Mitigating the adverse effects of chilling stress on rice seedling through application of spermidine as seed priming factor


Ferdowsi G.A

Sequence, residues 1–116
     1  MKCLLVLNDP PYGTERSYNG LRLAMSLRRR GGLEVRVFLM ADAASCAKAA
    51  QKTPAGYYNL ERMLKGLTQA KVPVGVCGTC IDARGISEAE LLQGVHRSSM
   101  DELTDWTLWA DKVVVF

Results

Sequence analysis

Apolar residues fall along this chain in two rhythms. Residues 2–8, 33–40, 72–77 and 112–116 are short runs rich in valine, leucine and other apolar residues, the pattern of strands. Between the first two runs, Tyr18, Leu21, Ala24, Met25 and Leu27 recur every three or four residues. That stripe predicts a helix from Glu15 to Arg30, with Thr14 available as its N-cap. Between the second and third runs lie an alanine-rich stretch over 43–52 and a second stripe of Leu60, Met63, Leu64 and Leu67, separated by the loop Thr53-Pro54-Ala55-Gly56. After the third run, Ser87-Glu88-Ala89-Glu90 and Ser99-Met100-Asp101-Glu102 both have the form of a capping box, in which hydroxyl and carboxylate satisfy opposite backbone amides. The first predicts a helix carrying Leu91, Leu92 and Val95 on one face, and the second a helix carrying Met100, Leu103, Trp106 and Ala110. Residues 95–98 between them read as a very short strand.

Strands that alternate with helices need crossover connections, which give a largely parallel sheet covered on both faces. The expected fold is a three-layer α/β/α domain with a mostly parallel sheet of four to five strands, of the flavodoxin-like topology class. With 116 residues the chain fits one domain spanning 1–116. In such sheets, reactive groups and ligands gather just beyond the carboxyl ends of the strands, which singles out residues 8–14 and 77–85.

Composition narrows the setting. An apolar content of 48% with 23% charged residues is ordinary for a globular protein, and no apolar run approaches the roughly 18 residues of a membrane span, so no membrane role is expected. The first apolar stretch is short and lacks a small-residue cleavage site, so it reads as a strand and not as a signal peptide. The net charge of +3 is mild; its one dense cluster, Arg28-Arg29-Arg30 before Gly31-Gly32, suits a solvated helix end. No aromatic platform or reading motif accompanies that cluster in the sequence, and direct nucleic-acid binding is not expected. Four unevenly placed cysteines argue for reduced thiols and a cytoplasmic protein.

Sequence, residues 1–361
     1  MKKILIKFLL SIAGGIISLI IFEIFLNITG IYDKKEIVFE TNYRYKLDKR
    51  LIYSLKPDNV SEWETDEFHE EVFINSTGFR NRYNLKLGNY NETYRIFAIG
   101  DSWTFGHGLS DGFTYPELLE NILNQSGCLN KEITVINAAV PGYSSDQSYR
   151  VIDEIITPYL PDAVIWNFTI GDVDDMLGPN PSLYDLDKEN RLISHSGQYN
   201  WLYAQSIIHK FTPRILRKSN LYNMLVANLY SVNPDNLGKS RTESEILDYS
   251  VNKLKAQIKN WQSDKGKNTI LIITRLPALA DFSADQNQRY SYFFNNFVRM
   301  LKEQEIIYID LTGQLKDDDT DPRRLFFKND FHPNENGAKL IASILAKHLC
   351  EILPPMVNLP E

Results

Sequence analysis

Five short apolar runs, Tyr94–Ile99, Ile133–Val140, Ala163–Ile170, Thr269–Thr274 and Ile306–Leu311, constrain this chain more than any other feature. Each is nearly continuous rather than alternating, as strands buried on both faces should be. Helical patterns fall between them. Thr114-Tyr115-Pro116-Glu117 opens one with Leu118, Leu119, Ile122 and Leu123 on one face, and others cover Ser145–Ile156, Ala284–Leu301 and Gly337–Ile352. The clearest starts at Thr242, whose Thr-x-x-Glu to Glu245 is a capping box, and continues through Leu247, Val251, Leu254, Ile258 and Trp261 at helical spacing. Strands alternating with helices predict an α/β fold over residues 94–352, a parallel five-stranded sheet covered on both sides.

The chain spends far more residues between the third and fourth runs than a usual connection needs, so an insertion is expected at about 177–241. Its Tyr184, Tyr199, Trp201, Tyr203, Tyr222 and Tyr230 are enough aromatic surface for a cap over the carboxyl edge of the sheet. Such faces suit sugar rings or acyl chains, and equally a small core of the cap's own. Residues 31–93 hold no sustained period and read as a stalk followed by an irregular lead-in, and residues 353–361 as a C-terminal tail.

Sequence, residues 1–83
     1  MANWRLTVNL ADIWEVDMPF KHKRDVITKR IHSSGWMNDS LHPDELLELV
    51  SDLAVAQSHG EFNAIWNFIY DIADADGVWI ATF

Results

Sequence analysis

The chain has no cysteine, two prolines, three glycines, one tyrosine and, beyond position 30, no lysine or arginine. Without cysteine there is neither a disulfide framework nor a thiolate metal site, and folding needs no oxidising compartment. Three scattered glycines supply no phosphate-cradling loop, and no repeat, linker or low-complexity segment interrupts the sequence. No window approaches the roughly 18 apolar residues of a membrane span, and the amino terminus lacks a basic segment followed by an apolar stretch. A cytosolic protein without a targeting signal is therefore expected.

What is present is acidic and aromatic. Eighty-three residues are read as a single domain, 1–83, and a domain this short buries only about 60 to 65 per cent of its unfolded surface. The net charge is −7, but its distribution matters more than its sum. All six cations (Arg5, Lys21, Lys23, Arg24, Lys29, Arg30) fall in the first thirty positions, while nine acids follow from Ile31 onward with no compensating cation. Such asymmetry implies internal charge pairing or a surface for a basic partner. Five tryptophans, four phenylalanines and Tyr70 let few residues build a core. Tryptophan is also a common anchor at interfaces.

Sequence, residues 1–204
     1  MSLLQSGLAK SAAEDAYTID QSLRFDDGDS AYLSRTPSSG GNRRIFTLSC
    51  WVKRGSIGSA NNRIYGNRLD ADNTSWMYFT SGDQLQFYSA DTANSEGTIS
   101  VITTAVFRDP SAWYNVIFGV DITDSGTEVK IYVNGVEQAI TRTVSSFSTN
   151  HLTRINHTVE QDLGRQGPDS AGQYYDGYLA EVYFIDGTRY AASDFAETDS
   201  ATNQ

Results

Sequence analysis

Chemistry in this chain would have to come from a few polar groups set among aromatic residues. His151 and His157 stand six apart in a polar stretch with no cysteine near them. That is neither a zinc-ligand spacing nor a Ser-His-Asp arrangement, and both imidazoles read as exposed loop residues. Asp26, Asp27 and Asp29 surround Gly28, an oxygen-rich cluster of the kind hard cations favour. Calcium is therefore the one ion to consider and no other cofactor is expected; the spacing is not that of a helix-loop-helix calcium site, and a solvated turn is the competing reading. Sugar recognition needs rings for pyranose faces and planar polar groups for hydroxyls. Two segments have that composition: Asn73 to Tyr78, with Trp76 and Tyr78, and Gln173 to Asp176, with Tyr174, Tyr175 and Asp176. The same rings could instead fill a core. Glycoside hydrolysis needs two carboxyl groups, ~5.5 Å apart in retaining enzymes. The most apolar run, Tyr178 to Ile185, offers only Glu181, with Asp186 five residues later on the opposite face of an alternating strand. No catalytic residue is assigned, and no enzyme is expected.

Chilling stress is a major limiting factor for rice production in many parts of the world. The study was carried out in the Seed Research Laboratory of the Department of Crop Science, Ferdowsi University of Mashhad in summer 2011. Rice (cv. Khazar) seeds were soaked in 50, 150 and 300 mg L-1 spermidine aerated solutions for 48 h and then dried back to the original moisture content and were sown in three temperatures (28°C as normal, 12 and 8°C as chilling stress). Chilling stress (8°C) reduced the root (39%) and shoot (52%) growth in untreated seeds, while the reduction of 11% root growth and 20% shoot growth was observed when the seeds were primed with 300 mg L-1 spermidine solution. The electrolyte leakage (EL) of the seedling leaves significantly increased in low temperatures as it was 67% in 8°C in compared with normal condition. Chilling stress significantly increased superoxide dismutase (SOD), catalase (CAT) and ascorbate peroxidase (APX) activity in rice seedlings leaves though this increase was not significant for glutathione reductase (GR). Seed priming with spermidine had a positive effect on seedlings leaves antioxidant activity in every temperature conditions. As in 8°C, the sharp increase (73%) in SOD activity was occurred at 300 mg L-1 spermidine solution and it was 23 and 46% for CAT and APX, respectively. In general, seed priming with spermidine alleviated the chilling effect, probably as a result of activating antioxidants production processes and membrane stabilizing in cellular structures.

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